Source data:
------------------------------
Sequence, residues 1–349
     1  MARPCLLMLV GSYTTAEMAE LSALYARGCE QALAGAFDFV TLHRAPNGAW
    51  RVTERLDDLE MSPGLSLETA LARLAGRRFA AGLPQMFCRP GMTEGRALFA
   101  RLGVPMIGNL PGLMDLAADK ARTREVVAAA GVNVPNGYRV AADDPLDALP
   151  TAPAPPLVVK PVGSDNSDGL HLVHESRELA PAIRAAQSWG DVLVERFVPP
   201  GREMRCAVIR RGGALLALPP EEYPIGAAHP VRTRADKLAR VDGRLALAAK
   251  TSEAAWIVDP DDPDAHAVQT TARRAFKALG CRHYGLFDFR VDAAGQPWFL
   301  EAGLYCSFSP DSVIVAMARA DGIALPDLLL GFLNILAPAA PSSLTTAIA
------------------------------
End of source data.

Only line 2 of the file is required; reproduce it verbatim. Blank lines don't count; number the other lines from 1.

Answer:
     1  MARPCLLMLV GSYTTAEMAE LSALYARGCE QALAGAFDFV TLHRAPNGAW